I was born in Jamaica and immigrated to Canada in 1990 when I was fourteen years old. In high school, I knew I wanted to be a writer. Now I consider myself a storytelling-communicator. I take an academic approach to English as a way to gain the technical know-how to write literary fiction, develop my manuscripts, and perform different types of editing. This approach and skills involve specializing in linguistic studies of grammar and syntax.
I started out in administration in the fields of healthcare, project management, and database development. For over three and a half years now, I have taken a disciplined linguistic approach to all English language communication. Fictional narrative is my passion, which all boils down to communication. How I like to put it is that in my world storytelling is analogous to communication. My goal and purpose are to write fictional narrative with strong, authentic characters that are defined by strong writing and themes and to reinforce the power of communication through writing and the academic study of English.
In December 2014, I had an experience that has since turned out to be the secret of my not only having found but also living my life’s purpose. I call that experience the power of sisu. According to Wikipedia, "Sisu is a grim, gritty, white-knuckle form of courage that is presented typically in situations where success is against the odds. It expresses itself in taking action against the odds and displaying courage and resoluteness in the face of adversity, in other words, deciding on a course of action and then sticking to that decision, even despite repeated failures. It is in some ways similar to equanimity, with the addition of a grim kind of stress management." In the Author's Note of What's In A Name, I describe how I found out about sisu through a fortuitous exchange with a co-worker back in 2014.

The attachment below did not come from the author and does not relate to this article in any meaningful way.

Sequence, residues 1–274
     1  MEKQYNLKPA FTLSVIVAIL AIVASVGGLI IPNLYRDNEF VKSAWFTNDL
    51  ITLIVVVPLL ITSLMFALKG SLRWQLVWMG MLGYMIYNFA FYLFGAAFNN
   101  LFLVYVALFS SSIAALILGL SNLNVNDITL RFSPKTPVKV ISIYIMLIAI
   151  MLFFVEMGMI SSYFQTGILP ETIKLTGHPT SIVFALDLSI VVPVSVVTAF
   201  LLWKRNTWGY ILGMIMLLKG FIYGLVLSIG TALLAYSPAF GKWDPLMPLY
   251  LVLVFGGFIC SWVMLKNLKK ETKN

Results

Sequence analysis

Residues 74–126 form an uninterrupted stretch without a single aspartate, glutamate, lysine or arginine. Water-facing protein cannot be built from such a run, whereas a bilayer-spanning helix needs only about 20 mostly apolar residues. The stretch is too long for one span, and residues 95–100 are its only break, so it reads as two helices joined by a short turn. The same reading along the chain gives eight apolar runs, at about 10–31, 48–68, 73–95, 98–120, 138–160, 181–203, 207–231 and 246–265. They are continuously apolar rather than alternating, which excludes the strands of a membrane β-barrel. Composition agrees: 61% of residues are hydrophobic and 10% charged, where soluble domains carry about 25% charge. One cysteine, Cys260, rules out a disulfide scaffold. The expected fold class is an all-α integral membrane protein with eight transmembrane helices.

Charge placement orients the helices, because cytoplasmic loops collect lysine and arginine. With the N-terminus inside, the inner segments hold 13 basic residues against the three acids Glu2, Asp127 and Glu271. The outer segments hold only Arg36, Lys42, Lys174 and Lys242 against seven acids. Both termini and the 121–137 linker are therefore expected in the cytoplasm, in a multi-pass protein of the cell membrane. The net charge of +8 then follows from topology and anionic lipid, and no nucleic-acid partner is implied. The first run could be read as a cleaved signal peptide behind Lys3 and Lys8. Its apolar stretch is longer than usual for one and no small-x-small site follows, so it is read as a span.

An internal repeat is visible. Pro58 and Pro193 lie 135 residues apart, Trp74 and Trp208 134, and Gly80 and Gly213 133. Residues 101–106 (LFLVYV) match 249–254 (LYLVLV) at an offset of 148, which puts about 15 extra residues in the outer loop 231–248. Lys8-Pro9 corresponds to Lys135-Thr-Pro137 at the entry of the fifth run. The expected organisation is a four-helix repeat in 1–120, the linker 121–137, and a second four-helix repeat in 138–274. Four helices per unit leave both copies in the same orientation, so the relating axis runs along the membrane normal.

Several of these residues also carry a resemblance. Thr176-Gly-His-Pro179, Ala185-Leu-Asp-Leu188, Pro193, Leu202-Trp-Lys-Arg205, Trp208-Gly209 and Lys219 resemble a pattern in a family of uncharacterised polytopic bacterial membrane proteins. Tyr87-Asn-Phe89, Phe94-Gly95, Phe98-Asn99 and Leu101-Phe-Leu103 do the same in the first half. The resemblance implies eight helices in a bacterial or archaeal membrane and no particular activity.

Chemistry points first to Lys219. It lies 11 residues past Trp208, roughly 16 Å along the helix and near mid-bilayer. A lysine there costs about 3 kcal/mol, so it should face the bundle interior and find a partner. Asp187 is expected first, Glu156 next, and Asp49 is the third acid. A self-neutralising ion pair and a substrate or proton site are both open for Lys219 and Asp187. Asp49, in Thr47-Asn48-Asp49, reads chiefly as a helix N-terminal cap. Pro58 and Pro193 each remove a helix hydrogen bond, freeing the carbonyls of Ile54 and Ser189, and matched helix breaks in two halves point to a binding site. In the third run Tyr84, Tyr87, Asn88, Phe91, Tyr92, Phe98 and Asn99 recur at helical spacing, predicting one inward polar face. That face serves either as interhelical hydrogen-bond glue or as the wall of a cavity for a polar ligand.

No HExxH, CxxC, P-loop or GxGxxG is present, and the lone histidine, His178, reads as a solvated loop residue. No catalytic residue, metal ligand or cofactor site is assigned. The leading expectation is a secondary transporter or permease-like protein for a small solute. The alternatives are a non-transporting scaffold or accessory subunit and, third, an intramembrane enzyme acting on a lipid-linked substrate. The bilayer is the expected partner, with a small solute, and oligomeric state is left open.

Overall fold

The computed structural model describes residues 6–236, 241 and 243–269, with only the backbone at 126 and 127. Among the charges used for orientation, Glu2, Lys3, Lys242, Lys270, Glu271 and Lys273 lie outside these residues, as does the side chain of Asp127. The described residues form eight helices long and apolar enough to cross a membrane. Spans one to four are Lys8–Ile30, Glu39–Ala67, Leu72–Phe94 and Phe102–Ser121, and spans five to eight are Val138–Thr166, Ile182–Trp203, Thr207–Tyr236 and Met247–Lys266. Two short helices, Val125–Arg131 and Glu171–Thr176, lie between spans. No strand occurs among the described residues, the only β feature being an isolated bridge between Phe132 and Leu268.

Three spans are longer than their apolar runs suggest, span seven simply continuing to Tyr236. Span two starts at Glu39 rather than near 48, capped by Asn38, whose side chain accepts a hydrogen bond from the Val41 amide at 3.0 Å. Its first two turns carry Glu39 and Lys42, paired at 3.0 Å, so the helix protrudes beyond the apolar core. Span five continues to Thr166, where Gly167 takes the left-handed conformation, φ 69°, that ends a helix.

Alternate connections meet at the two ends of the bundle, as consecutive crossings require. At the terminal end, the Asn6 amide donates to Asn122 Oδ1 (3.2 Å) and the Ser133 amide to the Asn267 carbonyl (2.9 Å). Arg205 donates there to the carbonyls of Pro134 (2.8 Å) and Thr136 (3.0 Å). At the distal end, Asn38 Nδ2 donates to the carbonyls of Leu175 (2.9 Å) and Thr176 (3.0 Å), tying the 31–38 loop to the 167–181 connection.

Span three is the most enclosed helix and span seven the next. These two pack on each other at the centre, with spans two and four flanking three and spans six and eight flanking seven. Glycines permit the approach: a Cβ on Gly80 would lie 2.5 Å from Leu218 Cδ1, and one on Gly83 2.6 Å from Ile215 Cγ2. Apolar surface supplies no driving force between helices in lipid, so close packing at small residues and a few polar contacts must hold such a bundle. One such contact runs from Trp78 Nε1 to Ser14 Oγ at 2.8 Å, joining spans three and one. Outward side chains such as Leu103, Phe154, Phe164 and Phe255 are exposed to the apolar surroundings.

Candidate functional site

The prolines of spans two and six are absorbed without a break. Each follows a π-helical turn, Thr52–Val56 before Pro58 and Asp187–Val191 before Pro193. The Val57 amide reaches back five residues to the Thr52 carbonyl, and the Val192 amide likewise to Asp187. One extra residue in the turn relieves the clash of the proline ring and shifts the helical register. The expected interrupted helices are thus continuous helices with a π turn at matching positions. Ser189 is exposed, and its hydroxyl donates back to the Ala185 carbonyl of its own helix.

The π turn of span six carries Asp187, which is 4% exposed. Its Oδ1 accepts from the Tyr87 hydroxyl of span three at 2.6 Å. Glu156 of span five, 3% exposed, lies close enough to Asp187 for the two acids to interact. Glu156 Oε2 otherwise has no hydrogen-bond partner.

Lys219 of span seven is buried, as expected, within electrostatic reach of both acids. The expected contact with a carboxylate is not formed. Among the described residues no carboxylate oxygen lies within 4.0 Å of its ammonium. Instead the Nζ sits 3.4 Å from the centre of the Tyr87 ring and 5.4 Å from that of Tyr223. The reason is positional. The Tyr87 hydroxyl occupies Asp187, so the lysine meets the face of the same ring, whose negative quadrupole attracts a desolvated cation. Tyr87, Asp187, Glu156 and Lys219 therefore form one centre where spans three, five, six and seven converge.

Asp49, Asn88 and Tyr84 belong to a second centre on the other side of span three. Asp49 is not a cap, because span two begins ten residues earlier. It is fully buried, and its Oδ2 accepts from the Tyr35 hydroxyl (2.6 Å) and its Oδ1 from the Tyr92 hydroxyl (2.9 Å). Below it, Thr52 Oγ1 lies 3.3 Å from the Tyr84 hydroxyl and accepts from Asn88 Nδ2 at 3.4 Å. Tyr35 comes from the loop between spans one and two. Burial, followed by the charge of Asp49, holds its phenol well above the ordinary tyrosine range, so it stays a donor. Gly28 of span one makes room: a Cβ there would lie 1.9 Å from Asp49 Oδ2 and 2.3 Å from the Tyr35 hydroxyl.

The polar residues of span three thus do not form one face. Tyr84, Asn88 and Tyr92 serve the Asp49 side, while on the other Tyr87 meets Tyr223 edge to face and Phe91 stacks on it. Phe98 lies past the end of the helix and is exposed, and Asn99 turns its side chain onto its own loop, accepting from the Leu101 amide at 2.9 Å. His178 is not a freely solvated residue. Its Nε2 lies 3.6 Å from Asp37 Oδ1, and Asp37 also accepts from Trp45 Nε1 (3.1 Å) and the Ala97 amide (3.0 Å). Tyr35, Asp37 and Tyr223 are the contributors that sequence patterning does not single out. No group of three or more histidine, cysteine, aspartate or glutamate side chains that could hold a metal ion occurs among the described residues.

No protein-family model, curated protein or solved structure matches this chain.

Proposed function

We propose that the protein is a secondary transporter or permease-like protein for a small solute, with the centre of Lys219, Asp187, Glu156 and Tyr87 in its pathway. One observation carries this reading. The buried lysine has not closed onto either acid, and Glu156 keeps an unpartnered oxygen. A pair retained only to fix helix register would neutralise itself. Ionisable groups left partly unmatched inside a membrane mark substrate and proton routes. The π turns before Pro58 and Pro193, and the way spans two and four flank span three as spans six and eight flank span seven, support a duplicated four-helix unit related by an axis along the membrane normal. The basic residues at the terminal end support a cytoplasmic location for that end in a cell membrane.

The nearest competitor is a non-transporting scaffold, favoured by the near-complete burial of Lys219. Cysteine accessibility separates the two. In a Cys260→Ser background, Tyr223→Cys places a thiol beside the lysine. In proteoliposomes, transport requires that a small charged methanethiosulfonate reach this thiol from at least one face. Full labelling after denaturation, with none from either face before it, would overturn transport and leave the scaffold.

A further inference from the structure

What’s In A Name begins with a silence and gradually unsilence each of the women throughout its pages. As everyone has something that he or she carries with himself or herself, the theme of “every woman knows her own sorrows” is threaded throughout this narrative. From Toronto 1802, when pots and kettles hanging from pegs array the fireplace, to tree-lined avenues in present-day downtown Toronto, to the blue water, the brilliant sky, and the green mountains in Jamaica, these milieus provide the innocuous backdrop for the novel’s compelling subject matter.
Read my blog titled "The New Version of What's In A Name," which features a new book cover and a preface, at gariemcintosh.org.
What's In A Name
After being renamed by her dying mother, Christine accepts her new name—Lena. But that name holds a painful, terrible secret. Her acceptance of this name comes with guilt and the reminder of her shame and violation. For twenty-two years, Christine has remained silent about the events that precipitated her renaming and the real meaning of “Lean-a.” Now thirty-four years old, she is compelled to confront her past because her marriage of eight years is threatened by her and her husband’s mutual silence.
But Christine’s silence is as deep as the meaning of her name. The women around her have also been silent, so she travels to Jamaica to address the cause of her silence head-on. By the end of this endeavour, Christine embodies the question that the narrative contemplates also by its end: what might a woman’s compromise be if she should face the perpetrator of the crimes against her that Christine herself experienced?